By APOLLOS IBEABUCHI OZIOGU
The Ikom Monoliths are a group of stone sculptures found in small area around Ikom in Cross River State of Nigeria, inhabited by Ekoi people who live in scattered villages. The stone monoliths are known variously as Akwanshi or Atal or Alaptal.
They are carved monoliths which occur in groups numbering about 350 stones located about 35 sites which are evenly distributed within seven main clans of Cross River State namely; Abanyom; Akaju ; Akpanobong ; Nde ; Nnam in the Ejagham tribe; Nselle, and Nta.
Each stone figure is between 2ft and 4ft high and the largest being 6ft. They are conical in shape. According to Dr. Abu Edet (2004) these monoliths are found in circles and /or concentric formations, showing perhaps where some activities in the past took place. To some people, Akwanshi literally means dead person in the ground.
Clans and different names of stones
Among the Abanyon group, the term is refered to as “Stones” (Atal) while in Akaju, the people refer it to as “Long Stones” (Alaptal). Akwanshi is said to refer to a collection of stones or monoliths either owned by the entire clan, village or the family.
Each monolith and stone represents an ancestor. According to oral history, it is the ancestors of Ekoi people that put the stones where they are. Their ancestors are believed to have gotten the stones out of the river where the water made them smooth as they are but their ancestors only cut the faces with stones and irons, each face representing one of their dead chiefs whose names are not known.
Thus, their ancestors made human sacrifices to them. Among the Ekoi people who live in scattered villages, there is the sole spiritual head or Chief priest called Ntoon. Thus when the Ntoon dies he is represented in carved basalt monoliths (Akwanshi).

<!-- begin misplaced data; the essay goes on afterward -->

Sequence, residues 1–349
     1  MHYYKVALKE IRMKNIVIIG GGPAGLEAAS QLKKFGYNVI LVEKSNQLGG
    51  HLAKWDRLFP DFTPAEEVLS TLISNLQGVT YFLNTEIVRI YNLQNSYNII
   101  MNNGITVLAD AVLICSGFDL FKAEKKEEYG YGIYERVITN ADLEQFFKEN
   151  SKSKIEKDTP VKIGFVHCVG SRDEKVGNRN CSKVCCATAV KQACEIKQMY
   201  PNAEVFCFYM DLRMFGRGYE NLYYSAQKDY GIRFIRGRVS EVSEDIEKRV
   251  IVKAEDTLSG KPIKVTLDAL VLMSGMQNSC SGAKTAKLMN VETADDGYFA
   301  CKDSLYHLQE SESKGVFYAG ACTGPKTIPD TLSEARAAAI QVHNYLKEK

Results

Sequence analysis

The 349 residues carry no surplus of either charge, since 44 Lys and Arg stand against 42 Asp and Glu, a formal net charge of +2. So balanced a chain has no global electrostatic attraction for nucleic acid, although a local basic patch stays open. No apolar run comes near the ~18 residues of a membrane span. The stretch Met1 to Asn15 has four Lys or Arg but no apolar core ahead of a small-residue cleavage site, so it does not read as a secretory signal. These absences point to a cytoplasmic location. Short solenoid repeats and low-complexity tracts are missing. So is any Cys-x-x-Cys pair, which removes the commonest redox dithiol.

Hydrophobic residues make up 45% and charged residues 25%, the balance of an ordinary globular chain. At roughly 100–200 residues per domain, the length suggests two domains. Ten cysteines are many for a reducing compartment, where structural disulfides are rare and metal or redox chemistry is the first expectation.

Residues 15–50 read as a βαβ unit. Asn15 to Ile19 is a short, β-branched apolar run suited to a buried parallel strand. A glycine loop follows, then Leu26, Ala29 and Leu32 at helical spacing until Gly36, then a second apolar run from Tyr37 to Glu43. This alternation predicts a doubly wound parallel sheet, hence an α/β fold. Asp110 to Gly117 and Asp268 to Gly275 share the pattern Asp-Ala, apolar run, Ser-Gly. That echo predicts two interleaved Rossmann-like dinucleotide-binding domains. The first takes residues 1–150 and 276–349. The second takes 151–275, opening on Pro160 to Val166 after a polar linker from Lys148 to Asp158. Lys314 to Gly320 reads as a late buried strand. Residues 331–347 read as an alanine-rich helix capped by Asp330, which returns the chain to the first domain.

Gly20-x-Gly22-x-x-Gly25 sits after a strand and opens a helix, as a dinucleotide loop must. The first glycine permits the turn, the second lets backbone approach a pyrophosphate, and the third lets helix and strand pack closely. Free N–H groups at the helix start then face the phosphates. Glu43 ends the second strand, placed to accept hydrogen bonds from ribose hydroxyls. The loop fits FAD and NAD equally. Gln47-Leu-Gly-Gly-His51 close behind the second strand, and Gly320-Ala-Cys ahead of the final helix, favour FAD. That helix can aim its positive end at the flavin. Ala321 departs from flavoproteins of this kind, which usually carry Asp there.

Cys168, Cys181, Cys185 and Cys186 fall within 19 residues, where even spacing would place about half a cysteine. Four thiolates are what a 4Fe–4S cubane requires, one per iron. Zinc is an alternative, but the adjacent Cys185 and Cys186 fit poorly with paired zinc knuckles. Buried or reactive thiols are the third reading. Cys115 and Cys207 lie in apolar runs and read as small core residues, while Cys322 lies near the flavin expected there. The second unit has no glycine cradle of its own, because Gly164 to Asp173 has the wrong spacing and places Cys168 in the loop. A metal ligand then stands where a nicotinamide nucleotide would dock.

Like the Esie soapstone images, the Akwanshi have baffled experts since their first discovery in 1903. Their origin remains a mystery, their date of execution and their purpose. It is believed among the Ekoi people that the spirit of the dead returns to live in the stones.
A source of oral tradition reiterated that Akwanshi were carved between 16th and 20th Century AD. Late Prof. Ekpo Eyo, the first Director – General of National Commission for Museums and Monuments (NCMM) who made an indepth research on the monoliths for over thirty years dated the monoliths around 200AD.
All Akwanshi have eyes,nose, mouth, beard and navel portrayed as well as ears, hands, arms, breasts and geometric decorations (some of which represent tribal marks). Though the carving ends at the navel, but the beard is an indication that they are all male.
There are several sites of monoliths or Akwanshi located in Ikom area of Cross River State. Among the main sites are the following:
(1) Abayong (9)Egunonkwo (17) Natanebim (25) Odoratam
(2) Agba (10) Ekulogom (18) Nebrokp (26) Old Edor
(3) Akumabal (11) Emangabe (19) Njemitop (27) Old Ekpatana
(4) Alok (12) Era (20) Nkum Akpambe (28) Old Nkrigom
(5) Anaghe (13) Esam Abuntak (21) Nnang (29) Old Nkrigor
(6) Eganga (14) Etinta (22) Nsak(30) Old Nto
(7) Edamkono (15) Manden (23) Ntelakor(31) Owom
(8 Eganga(16) Mbianang (24) Ntolshi (32) Oyengi
Akwanshi occupies an important place in the history of Ekoi people of Ikom community. It is believed among the people that the face of each Akwanshi represents one of their ancestors who they do not know his name. Their forebears revered these stones and made human sacrifices to them. During some important annual festivals, these stones are usually decorated with chalk and palm leaves.
Some Akwanshi, especially those of the Etinta have the neck groove shallower while arms, hands and surface decorations are added. Some also look unusual in lacking a sculptured navel, while other Etinta Akwanshi have massive head.
They have faces which bear the diagonal cheek marks. At Nkrigor (Nselle), there are Akwanshi that have open mouth, wedge – shaped beard and protruding navel as well as facial marks. In some deserted areas like the old village of Nkirgom, the Akwanshi have fallen and are not re – erected.
The art of stone carving has been a special occupation of the Ekoi people in lkom of Cross River State.
Beside, some indigenes of the Cross River State who carried out research on lkom monoliths like Late, Prof Ekpo Eyo and Dr Abu Edet among others. The British nationals who carried out in depth research into lkom monoliths are; R.C. Abraham; R.G. Armstrong; P.A. Allison; H.L.M. Butcher; D. Crabb ; O.G.S. Crawford; L. Desplagnes ; R . Harris; A.T.E. Marsh; R.N.O Marshall; R. Mauny; C. Partridge; D. Westermaan; M A . Bryan; W. Plant; N.A.C. Weir; P.A. Talbert etc.